In close to three decades of relying on deep litter for best manure management, I have encountered only two potential disadvantages. The slight wicking of moisture from the earth into the litter is, as said, actually a benefit. However, we once had a summer of record-breaking rains, resulting in increased moisture in the soil under the deep litter (remember, we use an earthen floor). The litter was not actually wet as a result, but was considerably damper than usual — damp enough to encourage the growth of molds. We had a number of eye infections that season, and lost an entire batch of 19 guinea keets. Once I recognized the problem, I helped decrease the moisture content of the litter by adding a lot of thoroughly dry leaves and kiln-dried shavings.
The other potential disadvantage of deep litter over an earth floor — assuming the henhouse is not on a block perimeter foundation — is the absence of a wood or concrete floor as a barrier against digging predators such as foxes, coyotes and dogs. My solution was to dig a barrier about 18 inches into the earth — using metal roof flashing, but half-inch hardware cloth would work as well — around the entire perimeter of the poultry house. That’s a lot of digging (oh, my aching back!), but it prevents a lot of digging — by four-legged neighbors intent on dinner in your chicken house.
I cannot overemphasize the importance of deep litter in the henhouse for the most natural and therefore the most rational manure management. A deep-litter house is more pleasant for both owner and fowl, with the birds doing most of the necessary work for us. Microbial action in the litter turns what is potentially disease-causing into a substrate for health — indeed, ripe litter as demonstrated in the Ohio studies has positive feeding benefits. Deep litter provides mental health as well — the entertainment of happily scratching an endlessly interesting deep litter, in lieu of the stress of boredom. A deep organic duff insulates the floor of the winter poultry house, while the warmth of its decomposition moderates the chill. Finally, this magic process captures the fertility in the manure for soil building, the key to food self-sufficiency. What better illustration of the integrating strategies useful on the homestead?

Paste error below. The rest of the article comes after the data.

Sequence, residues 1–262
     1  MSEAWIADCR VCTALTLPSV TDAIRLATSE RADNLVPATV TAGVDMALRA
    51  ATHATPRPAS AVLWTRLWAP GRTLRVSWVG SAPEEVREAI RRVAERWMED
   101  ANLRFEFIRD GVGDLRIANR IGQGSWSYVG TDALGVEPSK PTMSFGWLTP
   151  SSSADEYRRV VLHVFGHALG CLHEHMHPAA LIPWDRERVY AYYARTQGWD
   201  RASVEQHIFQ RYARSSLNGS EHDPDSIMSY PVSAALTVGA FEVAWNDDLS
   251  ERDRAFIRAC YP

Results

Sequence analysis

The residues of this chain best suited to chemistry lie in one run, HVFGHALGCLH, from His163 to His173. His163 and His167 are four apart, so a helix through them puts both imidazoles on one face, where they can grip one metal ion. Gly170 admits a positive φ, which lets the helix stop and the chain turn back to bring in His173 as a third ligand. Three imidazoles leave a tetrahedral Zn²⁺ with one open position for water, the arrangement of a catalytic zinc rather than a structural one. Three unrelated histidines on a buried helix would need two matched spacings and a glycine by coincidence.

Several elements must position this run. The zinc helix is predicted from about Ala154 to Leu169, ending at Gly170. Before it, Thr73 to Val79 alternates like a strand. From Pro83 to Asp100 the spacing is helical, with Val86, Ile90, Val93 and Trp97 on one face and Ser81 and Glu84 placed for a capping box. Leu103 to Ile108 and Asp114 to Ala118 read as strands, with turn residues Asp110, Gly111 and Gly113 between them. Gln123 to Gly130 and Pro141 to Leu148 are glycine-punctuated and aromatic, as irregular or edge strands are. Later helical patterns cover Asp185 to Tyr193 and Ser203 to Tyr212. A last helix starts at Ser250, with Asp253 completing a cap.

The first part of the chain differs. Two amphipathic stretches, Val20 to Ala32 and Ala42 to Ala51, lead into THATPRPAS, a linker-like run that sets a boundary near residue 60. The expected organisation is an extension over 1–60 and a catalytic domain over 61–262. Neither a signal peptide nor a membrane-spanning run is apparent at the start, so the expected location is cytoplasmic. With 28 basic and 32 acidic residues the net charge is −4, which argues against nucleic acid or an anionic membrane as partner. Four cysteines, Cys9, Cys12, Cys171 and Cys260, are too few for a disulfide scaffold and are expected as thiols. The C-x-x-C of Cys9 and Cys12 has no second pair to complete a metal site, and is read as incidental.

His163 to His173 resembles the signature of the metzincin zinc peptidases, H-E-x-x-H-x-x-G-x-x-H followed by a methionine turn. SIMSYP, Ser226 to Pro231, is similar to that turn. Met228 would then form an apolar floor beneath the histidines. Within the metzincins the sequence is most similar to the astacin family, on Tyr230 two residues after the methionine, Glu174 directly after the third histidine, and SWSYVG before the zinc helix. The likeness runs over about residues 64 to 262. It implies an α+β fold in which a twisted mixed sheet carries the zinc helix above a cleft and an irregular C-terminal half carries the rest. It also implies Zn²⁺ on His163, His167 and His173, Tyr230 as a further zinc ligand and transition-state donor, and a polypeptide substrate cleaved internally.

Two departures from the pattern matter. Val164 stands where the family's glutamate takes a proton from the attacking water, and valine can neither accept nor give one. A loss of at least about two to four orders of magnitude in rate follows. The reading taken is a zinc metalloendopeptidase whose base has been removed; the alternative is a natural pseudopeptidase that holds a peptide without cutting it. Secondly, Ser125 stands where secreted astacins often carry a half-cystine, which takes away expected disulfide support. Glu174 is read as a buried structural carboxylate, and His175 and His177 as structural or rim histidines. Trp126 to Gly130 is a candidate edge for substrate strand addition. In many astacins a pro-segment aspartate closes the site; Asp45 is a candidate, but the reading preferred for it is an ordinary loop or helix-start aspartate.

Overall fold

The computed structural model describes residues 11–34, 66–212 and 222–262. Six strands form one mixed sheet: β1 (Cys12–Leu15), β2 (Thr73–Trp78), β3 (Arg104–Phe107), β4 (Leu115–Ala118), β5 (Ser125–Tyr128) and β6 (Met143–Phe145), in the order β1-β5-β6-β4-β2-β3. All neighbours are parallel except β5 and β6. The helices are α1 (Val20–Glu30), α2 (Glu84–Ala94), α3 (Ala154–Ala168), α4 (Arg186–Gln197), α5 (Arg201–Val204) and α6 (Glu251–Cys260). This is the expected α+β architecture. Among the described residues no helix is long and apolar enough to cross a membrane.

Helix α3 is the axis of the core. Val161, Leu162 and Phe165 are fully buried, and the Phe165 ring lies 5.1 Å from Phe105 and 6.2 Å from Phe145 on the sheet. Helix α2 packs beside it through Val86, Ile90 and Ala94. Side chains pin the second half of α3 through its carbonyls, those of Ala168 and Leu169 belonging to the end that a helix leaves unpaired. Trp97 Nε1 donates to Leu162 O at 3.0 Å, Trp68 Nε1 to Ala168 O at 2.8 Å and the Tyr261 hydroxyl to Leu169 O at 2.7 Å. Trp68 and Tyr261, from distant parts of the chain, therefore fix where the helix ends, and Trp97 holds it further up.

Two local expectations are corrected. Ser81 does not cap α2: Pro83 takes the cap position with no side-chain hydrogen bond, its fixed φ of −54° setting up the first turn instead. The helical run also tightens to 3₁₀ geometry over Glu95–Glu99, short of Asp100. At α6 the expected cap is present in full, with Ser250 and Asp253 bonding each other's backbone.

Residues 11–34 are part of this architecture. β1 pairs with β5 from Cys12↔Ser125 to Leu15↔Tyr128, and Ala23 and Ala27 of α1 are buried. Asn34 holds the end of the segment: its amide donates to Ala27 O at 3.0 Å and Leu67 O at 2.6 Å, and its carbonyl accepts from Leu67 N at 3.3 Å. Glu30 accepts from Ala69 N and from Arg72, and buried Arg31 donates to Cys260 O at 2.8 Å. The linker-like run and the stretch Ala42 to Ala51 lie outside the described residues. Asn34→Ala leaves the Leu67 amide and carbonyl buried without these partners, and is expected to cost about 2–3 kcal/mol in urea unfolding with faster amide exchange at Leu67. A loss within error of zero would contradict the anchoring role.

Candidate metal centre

This excerpt was taken with permission from The Small-Scale Poultry Flock, by Harvey Ussery, who has been working on his practical, natural-systems model for working with chickens and other domestic fowl for almost three decades.
I’m on my second year of housing my tiny flock of layers in my shed over the winter. I build a temporary 5-foot-by-6-foot enclosure with garden caging, which gives them exactly the same space in the shed as they get in their mobile pen (7 1/2 square feet per bird). The shed’s wood floor is protected from any possible moisture damage, first by a sheet of tar paper, and then a tarp, which I pin up along the inside of the caging. The tarp holds a 2-inch layer of garden soil as inoculant — that is, introduction into the litter of the same beneficial microbes in soil and in a compost heap — and then I fill with several inches of mulch. I continue adding mulch for several weeks after the girls have gone in, to an eventual depth of 12 inches. It absorbs the manure the hens produce without ever turning foul.
The litter makes for great wintertime activity — my girls love scratching in it. When it’s frozen, they can’t scratch it, so I go in there with a pitchfork every once in a while and turn things over for them. Then they get to scratching again. I also throw some of their feed directly on the mulch from time to time so that they have additional motivation to scratch through it and keep the mulch aerated and loose.
I emptied the tarp as soon as the housing was dismantled, and the girls were back outside last spring. I spread the litter as a fertility mulch under the apple tree. It smelled fine. There was no damage to the wood floor either.
– Kate Hunter, homesteader, Living The Frugal Life